Now, before we get started, you've read To Kill a Mockingbird, right? You have? Great. It's one of the most accessible books that southern gothic has to offer, but you're a seasoned reader so let me show you some other options you've got out there in no particular order:
DELIVERANCE (Yes, it's a book - not just a fantastic movie).
If you've seen the movie don't think for a second that you know what the book is about. You don't. You'll recognize some landmarks (if you know what I mean), but you'll soon realize that the main storyline of the movie is nothing but the backstory of James Dickey's novel. It's told from the viewpoint of Ed Gentry, a New York ad man, who finds himself in the backwoods on an ill-fated canoe trip.
Is the writing any good? You be the judge:
HANDCARVED COFFINS (Short story, in a collection)
Truman Capote is far and away my favorite author, and he holds this distinguished position because of this particular short story. He claimed it to be a work of non-fiction, but that claim too turns out to be fiction. Now that we've gotten that bit of housework out of the way, allow me to celebrate the greatness of this story. It's an exercise in simplicity - a significant departure from the verbosity of the typical southern gothic work. Although Capote wrote about many locations - this one taking place in the Midwest - I consider everything of his to belong to the genre because his southern voice and storytelling can't be separated from the narrative.
So what's the fuss all about?
Oh, I don't know - just a serial killer who sends his victims a small hand-carved coffin days before their certain demise. It's an eerie story, especially when we're certain of who the killer is. But can the case against this person be proven? Does it even matter? In Capote's own words from the story: "God's work. God's will."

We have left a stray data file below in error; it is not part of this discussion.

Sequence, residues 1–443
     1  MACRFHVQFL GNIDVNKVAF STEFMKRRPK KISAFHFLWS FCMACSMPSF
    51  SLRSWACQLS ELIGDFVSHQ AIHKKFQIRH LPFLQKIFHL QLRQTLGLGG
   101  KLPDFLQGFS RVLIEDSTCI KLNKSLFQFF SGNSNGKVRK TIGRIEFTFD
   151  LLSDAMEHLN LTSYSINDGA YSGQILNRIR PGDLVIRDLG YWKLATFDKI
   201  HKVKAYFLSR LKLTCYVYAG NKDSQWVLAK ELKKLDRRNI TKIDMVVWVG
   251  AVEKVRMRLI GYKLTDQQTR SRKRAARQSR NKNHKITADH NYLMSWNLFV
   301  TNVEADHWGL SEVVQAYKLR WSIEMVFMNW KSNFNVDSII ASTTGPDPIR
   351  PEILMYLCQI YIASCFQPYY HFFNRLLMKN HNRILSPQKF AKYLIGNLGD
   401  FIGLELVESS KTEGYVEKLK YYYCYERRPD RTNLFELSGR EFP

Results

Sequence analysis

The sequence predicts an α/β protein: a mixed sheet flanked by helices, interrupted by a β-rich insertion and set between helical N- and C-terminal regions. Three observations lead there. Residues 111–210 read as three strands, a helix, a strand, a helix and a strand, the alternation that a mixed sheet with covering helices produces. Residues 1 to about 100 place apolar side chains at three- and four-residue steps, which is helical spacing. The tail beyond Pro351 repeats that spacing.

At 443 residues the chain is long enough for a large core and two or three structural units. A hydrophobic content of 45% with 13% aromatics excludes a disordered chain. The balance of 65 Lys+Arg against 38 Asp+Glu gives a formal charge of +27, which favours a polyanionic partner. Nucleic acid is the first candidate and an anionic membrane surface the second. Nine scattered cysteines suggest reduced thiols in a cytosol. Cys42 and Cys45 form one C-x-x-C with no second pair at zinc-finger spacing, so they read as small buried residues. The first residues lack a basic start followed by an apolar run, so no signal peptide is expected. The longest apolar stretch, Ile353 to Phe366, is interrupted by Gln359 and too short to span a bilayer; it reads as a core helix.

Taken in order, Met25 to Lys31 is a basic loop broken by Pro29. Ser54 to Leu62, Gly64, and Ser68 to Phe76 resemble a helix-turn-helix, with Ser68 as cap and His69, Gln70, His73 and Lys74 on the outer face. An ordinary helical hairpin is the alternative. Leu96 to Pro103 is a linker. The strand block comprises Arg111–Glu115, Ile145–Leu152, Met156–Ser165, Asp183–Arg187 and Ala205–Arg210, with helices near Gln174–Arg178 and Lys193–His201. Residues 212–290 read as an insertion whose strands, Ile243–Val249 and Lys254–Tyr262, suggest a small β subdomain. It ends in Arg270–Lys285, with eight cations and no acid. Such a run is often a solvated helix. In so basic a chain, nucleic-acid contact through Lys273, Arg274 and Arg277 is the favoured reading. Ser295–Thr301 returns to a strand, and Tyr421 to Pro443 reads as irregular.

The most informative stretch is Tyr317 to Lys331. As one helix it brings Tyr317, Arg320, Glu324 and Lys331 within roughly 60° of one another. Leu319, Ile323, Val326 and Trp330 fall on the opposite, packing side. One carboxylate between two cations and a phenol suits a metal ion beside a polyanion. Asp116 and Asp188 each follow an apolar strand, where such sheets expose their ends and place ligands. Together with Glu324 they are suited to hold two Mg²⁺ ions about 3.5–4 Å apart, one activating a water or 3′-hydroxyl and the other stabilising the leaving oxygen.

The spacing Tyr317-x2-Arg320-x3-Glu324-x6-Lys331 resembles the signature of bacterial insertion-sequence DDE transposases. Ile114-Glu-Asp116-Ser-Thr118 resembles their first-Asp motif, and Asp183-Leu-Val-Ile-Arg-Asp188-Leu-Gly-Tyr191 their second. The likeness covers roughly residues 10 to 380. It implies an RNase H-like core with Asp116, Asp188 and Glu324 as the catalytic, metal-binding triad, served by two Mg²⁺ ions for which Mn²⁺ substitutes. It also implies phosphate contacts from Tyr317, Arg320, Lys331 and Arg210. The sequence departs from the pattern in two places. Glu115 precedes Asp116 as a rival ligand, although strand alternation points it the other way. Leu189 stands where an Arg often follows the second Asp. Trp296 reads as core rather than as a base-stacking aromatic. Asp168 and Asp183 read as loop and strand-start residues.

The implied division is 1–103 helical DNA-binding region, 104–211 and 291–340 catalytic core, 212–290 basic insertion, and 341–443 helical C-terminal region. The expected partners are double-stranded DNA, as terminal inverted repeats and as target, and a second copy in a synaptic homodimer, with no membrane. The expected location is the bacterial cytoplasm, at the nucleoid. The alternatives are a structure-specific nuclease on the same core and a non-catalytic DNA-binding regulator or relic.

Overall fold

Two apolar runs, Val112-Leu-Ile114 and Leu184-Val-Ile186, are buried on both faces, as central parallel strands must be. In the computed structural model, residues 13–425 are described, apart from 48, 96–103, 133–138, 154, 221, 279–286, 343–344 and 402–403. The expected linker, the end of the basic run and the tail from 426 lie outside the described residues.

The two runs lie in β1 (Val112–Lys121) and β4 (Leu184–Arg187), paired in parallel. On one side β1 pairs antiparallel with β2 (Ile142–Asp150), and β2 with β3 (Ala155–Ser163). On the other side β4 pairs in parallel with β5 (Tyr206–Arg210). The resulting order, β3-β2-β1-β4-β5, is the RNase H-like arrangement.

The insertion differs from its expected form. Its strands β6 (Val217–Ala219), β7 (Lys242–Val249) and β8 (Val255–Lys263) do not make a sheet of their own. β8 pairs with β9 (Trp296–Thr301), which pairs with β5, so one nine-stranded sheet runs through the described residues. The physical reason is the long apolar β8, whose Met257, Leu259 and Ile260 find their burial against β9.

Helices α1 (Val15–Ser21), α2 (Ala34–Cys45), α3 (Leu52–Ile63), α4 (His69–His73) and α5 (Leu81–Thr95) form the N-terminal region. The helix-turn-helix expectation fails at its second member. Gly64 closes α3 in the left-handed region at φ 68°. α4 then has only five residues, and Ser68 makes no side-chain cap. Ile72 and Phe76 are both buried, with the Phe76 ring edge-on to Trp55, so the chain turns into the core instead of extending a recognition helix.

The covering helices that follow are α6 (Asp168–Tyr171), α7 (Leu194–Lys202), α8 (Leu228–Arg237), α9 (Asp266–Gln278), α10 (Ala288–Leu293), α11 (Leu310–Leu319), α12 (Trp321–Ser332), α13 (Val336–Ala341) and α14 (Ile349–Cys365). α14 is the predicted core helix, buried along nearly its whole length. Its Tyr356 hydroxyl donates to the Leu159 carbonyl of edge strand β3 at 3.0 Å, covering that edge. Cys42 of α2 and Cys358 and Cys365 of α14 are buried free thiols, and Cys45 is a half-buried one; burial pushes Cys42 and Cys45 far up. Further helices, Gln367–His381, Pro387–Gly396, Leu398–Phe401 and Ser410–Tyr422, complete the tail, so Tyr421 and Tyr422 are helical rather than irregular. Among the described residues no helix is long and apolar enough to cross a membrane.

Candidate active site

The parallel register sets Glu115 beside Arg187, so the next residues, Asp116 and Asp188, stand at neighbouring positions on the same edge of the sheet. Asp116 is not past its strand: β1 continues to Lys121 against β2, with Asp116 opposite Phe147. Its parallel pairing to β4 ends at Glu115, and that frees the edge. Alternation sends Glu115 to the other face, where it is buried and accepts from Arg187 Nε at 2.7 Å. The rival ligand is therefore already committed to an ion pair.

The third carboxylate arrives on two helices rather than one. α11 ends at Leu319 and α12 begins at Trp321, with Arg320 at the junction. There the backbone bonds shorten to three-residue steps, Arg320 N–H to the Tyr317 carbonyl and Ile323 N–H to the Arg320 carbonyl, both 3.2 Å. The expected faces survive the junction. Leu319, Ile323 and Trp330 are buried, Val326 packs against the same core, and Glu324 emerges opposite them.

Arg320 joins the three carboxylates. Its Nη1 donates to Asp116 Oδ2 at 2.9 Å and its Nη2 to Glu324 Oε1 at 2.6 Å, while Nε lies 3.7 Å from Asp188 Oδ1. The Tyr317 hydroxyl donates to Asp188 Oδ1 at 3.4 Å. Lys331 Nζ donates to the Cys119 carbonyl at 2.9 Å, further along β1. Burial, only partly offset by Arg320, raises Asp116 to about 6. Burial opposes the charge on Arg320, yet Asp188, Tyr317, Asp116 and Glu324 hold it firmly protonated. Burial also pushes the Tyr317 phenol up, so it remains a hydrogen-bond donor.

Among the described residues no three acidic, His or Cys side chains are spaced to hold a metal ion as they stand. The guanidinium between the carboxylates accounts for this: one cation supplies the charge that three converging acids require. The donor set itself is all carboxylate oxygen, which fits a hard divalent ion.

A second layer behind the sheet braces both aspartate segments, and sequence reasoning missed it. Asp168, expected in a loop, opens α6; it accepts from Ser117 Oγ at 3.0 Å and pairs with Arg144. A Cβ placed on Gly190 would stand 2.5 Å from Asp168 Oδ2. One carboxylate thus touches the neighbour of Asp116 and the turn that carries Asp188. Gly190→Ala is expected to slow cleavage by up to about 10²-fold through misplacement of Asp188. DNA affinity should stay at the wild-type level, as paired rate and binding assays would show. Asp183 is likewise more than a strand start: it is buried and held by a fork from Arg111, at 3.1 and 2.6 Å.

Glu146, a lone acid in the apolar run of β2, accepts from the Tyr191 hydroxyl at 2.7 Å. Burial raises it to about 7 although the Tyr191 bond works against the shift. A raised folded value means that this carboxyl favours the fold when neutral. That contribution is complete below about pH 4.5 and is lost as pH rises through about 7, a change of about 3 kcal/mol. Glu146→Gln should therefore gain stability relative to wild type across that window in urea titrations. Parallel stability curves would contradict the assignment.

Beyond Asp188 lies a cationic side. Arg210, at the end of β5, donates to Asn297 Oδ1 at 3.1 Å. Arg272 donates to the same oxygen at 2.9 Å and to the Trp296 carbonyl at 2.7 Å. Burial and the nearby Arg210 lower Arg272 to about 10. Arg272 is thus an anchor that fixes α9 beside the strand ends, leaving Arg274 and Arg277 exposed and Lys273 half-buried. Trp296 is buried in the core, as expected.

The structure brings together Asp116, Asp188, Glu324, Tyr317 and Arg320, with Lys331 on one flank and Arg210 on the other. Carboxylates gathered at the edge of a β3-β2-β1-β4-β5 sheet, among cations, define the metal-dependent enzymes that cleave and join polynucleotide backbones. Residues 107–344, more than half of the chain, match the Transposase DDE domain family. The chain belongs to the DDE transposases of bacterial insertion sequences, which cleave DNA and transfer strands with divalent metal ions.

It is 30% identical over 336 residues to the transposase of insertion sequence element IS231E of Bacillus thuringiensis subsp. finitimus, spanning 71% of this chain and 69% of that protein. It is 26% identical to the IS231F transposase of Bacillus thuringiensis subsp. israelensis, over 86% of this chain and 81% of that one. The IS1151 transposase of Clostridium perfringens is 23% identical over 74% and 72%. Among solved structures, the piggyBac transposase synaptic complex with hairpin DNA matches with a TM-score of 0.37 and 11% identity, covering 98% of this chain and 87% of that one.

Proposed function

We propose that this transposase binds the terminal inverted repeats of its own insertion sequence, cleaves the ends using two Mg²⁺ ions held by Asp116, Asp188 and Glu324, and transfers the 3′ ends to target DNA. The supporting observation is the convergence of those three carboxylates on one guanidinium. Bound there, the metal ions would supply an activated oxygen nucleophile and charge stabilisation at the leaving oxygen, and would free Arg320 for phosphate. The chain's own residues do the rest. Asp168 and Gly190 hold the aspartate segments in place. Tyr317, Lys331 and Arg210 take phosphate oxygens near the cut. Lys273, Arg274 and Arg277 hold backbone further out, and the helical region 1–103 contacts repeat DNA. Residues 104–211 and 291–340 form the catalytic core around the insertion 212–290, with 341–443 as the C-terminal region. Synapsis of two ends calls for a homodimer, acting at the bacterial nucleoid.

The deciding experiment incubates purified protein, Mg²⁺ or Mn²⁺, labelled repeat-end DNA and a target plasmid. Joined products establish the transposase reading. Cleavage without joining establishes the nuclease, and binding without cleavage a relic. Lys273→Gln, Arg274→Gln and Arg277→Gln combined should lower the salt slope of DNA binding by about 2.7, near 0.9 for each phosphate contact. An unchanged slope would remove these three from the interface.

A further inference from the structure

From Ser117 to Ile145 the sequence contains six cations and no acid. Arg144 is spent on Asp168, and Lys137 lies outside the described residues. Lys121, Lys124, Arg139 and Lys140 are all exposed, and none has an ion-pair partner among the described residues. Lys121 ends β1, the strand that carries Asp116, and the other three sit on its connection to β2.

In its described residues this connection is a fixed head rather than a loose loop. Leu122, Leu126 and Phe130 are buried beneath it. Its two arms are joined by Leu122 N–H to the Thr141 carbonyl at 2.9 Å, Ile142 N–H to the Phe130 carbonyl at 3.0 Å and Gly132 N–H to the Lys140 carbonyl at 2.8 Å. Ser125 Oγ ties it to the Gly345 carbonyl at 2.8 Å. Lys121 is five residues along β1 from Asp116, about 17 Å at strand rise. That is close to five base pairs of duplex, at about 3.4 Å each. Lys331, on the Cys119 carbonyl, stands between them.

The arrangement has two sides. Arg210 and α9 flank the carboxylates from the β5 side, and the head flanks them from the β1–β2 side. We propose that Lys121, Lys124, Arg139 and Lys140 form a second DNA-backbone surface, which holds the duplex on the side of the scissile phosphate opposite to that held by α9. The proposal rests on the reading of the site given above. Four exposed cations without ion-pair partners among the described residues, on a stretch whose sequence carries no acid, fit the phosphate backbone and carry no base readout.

This story can also be found in one of Capote's largest collections, Portraits and Observations.
A GOOD MAN IS HARD TO FIND (Not a love story. At all).
Oh, Flannery. You beautiful, twisted woman. She is the southern gothic genre. Right from the very beginning, no matter how light-hearted the writing is, you just know down deep inside to not get too attached to anyone. The beauty of her writing is that no matter what happens to her protagonists or antagonists the reader is left whole - a more complete person than when they began the story. A Good Man is Hard to Find is the most extreme example of that among her works although it has stiff competition.
What did Flannery have to say about her writing?
I'm glad she used the word "comic" in that quote because that's a word that comes to mind while reading this particular short story. It's violent. It's comical. It's one of the best that southern gothic has to offer.
A Good Man is Hard to Find can also found here.
By no means are these the the end-all and be-all of southern gothic fiction, but they're a great starting place to see what makes this genre worthwhile. What books or short stories have you enjoyed from the genre?